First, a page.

In the ’13/’14 & ’14/’15 seasons the Seattle Seahawks were arguably the most widely hated team in the league. Sure, excellence often breeds hatred, but the Seahawks held a special place as the object of the nation’s distain for those two years, for a reason that sports columnists either could not grasp or dared not touch: they were too Black for dominant culture America to palate. At the time, this franchise was the bizarro Patriots, in that almost every single name &/or face (except for Pete Carroll) recognizable to those who are not either Seahawks fans or extreme NFL enthusiasts was (& still is) Black. Richard Sherman & Marshawn Lynch, probably the two most well-known personalities on the team, made for a sort of yin & yang thorn in the side of white supremacy. First off, both men wear their hair in locs, which is extremely disruptive to America’s long-standing assumption that white preferences of physical appearance are normative. Secondly, together they embody a one-two punch of Black American disregard for white supremacy’s prescriptions for Black behavior: a Black person who does more than white America is comfortable with, & a Black person who does less than white America demands of him, respectively. The double standard these two face is a classic ‘damned if you do, damned if you don’t’ scenario with which much of Black America is painfully familiar.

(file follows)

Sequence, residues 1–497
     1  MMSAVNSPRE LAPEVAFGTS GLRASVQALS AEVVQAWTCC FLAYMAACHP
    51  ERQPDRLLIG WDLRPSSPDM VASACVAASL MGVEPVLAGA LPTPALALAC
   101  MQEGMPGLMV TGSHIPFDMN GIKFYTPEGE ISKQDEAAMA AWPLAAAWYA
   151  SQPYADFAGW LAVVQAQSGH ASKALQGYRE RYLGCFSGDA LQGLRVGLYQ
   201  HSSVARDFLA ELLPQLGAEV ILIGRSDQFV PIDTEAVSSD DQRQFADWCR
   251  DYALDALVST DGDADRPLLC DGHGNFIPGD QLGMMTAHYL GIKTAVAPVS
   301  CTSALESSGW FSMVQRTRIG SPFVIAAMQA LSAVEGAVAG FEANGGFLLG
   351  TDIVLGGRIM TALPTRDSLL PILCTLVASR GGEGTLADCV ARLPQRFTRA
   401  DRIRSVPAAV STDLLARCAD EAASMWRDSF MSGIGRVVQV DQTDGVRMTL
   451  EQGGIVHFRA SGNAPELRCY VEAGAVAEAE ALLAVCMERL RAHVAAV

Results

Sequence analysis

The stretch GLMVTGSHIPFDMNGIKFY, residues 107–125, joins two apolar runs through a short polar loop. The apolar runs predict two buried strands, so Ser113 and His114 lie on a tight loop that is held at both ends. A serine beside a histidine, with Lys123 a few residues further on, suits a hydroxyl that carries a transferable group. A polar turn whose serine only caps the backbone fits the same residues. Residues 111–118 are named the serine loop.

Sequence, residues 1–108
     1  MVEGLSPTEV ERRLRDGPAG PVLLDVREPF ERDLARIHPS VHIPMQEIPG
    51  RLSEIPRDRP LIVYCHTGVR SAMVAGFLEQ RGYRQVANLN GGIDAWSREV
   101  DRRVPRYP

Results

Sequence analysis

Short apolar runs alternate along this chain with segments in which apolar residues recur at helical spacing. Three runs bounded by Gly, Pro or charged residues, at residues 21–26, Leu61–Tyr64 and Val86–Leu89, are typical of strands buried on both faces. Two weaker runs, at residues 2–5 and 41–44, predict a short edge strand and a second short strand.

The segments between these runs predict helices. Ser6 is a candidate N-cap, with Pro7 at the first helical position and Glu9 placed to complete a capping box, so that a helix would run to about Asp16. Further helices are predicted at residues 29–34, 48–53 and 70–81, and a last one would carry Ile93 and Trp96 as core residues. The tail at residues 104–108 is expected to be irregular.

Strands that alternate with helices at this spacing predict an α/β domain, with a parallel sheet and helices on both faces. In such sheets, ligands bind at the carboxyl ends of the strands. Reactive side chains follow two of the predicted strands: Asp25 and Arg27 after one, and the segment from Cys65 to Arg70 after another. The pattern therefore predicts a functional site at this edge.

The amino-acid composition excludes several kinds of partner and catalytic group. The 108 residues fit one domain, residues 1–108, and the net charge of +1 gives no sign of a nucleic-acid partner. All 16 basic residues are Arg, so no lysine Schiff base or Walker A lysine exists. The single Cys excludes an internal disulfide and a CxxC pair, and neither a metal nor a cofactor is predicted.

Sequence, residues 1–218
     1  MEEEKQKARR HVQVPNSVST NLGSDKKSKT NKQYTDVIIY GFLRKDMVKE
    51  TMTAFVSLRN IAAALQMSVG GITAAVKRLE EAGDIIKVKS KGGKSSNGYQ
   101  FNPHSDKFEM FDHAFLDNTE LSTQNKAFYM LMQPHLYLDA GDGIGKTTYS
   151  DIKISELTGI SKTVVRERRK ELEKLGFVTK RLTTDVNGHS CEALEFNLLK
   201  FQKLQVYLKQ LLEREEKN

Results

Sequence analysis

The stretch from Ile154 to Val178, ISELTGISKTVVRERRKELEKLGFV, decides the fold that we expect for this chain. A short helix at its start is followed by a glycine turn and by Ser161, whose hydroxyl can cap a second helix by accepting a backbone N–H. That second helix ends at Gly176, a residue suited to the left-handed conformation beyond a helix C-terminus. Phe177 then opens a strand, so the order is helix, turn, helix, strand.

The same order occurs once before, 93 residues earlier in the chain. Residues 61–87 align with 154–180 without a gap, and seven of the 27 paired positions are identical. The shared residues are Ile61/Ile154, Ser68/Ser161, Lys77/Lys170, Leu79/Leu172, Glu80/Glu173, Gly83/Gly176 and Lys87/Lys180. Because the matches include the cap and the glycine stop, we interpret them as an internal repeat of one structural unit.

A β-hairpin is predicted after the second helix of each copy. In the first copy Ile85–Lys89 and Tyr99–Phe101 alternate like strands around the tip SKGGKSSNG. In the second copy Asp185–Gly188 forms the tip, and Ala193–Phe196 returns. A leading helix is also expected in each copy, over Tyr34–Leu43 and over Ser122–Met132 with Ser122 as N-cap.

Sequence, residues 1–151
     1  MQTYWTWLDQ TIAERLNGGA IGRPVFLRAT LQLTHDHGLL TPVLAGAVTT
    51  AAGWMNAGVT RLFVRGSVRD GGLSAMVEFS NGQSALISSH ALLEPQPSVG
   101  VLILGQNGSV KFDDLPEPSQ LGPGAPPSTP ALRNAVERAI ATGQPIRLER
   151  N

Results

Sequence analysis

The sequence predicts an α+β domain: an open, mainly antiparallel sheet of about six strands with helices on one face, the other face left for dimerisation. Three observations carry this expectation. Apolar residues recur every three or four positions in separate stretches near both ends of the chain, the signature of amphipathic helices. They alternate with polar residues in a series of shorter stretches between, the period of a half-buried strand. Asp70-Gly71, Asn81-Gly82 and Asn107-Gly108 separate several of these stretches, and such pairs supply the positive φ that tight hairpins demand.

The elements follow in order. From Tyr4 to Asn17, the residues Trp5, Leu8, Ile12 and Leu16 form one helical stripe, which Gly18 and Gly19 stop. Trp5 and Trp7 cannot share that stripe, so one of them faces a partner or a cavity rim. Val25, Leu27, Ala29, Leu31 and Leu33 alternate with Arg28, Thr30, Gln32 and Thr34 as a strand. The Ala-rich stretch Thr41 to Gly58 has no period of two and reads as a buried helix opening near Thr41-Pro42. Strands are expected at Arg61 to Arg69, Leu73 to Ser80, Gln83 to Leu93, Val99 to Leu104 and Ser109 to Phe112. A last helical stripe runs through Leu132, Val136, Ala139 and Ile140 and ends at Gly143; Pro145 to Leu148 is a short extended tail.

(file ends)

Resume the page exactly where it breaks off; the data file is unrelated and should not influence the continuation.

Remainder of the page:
In Lynch’s case, our society demands that he, not only do the job for which he’s signed a contract, but also happily dance to white America’s organ whenever it decides to grind a tune. America still often views Black human beings as chattel to be used for the white man’s profit & pleasure, so when the most sensational running back in professional (American) football decided that he would protect his privacy & control his own labor by doing only what he’s paid to do (make opposing defenses look like 3rd string Canadian high school football players & comply with the NFL’s minimum media requirements) & no more, he was looked upon as belligerent & unintelligent. But him choosing to avoid the spotlight makes him neither; what it makes him is aware that he is free to disregard majority-America’s expectations of him. Beastmode’s use of minimal compliance practices is well within his rights as both a human being & an employee of the NFL. Moreover, being a celebrity, doesn’t mean he owes the public any special window into his life, & if the NFL wanted more out of him, their requirements needed to be explicitly outlined in his contract; as such, people’s condescending views of Lynch’s life decisions have clear white supremacist underpinnings.